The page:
Editor’s Note: Today’s post comes from Patrick McClory, Solutions Architect at RightScale. RightScale® Inc. cloud management enables organizations to easily deploy and manage business-critical applications across public, private, and hybrid clouds. RightScale provides efficient configuration, monitoring, automation, and governance of cloud computing infrastructure and applications.
Separation anxiety is common when it comes to making the move to cloud computing. But perhaps it shouldn’t be - the IT industry has been practicing the underlying elements needed to make a successful cloud deployment for years: redundancy, scalability, and automation. None of these ideas are necessarily new, but now they can be collectively applied to the new Windows Azure Virtual Machines (Infrastructure as a Service) to achieve a geographically distributed, highly redundant architecture in substantially less time than with a traditional datacenter approach. This is an attractive proposition to companies of all sizes, and here at RightScale we’ve been helping companies big and small deploy applications in the cloud since 2006. We pioneered the category of cloud management, providing a platform that enables organizations to deploy and manage applications in cloud environments, and our customers have launched literally millions of servers in the cloud.
RightScale is proud to be a Windows Azure strategic partner, and as a way of introducing ourselves to the Windows Azure community we want to share some of the best practices we have developed from our unique experience powering the largest cloud deployments in the world. Let’s get started.
Redundancy is king
Load balanced web application tiers and mirrored databases have been common configurations to manage failure in system deployments for some time -- the advantage in the cloud is that a geographically distributed deployment can be used not only to serve content closer to your clients, but also to provide disaster failover capabilities beyond the datacenter boundary. There are a few things to consider as you design your system redundancy:
- Don't just plan for server redundancy, server uptime is fairly useless if you can't get to them -- remember that your public DNS infrastructure matters too.
- Plan for failure and exercise your plan often. Disaster recovery and failover testing is critical to ensuring long-term uptime.
- Think about what it means to failover automatically. For some systems, automatic failover has the potential to cause data corruption -- test and evaluate your failover plan not just for server uptime but service uptime and data integrity.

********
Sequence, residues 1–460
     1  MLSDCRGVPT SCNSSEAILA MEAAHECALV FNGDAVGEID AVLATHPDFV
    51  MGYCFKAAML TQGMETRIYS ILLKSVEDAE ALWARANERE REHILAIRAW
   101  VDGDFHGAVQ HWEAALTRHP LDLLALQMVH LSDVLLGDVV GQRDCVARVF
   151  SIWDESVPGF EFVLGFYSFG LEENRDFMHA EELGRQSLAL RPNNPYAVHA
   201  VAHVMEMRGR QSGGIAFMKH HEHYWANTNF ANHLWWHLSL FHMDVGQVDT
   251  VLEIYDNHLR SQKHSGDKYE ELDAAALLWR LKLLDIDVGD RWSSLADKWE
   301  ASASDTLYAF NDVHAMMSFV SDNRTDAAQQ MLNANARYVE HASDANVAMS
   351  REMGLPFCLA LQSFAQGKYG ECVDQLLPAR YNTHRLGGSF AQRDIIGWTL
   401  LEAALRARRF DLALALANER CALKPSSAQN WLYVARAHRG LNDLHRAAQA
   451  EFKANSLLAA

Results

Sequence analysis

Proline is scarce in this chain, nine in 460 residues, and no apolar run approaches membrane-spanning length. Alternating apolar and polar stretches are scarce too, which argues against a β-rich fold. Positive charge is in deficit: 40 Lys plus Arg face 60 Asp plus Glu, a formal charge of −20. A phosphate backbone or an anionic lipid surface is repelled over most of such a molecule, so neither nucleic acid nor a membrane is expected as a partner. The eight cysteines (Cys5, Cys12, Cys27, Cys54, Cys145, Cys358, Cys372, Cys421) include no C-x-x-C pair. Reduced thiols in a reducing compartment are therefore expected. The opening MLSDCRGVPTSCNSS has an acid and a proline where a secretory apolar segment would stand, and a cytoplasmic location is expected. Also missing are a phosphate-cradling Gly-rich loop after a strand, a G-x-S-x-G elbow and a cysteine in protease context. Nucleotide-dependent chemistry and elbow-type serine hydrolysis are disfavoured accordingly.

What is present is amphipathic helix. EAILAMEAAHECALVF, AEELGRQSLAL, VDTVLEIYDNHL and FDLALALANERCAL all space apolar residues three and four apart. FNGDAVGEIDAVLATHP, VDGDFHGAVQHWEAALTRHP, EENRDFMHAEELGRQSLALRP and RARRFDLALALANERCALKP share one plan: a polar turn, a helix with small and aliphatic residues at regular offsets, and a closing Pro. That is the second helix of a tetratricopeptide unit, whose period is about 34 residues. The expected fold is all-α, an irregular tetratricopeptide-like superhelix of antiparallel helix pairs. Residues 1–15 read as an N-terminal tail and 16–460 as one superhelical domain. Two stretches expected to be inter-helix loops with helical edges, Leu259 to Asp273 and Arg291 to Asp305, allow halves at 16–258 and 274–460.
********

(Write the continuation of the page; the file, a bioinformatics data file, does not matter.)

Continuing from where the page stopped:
Scalability opens new doors
Being able to scale up and down on demand allows you to optimize your total cost of ownership over the long term. It’s possible to go from a small number of servers to hundreds of servers in the cloud in hours or even minutes when your application requires more resources. When that demand subsides, you can just as quickly scale down so that you are not paying for idle resources. When you are designing for scale:
- Remember to distribute your deployment to plan for failure.
- Evaluate the cost of data transfer between regions or zones.
- Think about the performance metrics and system triggers that will indicate when you should scale up as well as when you should scale down.
All of those menial tasks that you manage yourself -- it's time to let go. Building out your processes in an automated manner allows your technology teams to focus less on production support items and more on the updates, products, features and solutions that will drive your company forward. If you're going to take advantage of scaling up and down rapidly and on-demand, automation is the key to ensuring that you are able to boot a server and minimize the time from boot to when the server is fully operational. For web servers, this could include everything from managing the installation of your web site's code to connecting to your load balancing setup. For database servers that are mirrored, you may be able to scale instance sizes up and down fairly easily, but automating the process of reinitializing the mirroring session and bringing up the new secondary node will make it that much easier to increase or decrease the horsepower (and cost) of your data layer. Some things to think about:
- Automate the process of provisioning and decommissioning -- both sets of tasks are detail oriented and require 100% accuracy to ensure application availably and uptime.
- Learn PowerShell and get to know the Cmdlets that are available for the products you use. Get to know MSDeploy and MSBuild. Take advantage of the tools already created for the technologies you're deploying to minimize effort.
- Use this as a time to improve your process. Check out the best practices for the products you are using and work toward implementing them in your newly automated process.
Taken individually these ideas aren't new. But by implementing them correctly, you can free your team from having to focus on physical hardware, and instead focus on best practices for highly available solutions even if your system (or your team) is on the smaller side. Deployments large and small all benefit from being redundant, scalable, and automated. The more you refine your process, the better your team will be equipped to manage growth over the short and long term. If you would like to try some of these basic techniques in Windows Azure, the RightScale free edition is a fast and easy way to get started.